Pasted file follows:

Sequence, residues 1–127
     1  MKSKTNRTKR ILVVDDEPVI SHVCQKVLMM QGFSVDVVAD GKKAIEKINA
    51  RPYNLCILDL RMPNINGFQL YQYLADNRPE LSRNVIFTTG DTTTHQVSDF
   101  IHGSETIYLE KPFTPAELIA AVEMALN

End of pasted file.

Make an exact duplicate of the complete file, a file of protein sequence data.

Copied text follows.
Sequence, residues 1–127
     1  MKSKTNRTKR ILVVDDEPVI SHVCQKVLMM QGFSVDVVAD GKKAIEKINA
    51  RPYNLCILDL RMPNINGFQL YQYLADNRPE LSRNVIFTTG DTTTHQVSDF
   101  IHGSETIYLE KPFTPAELIA AVEMALN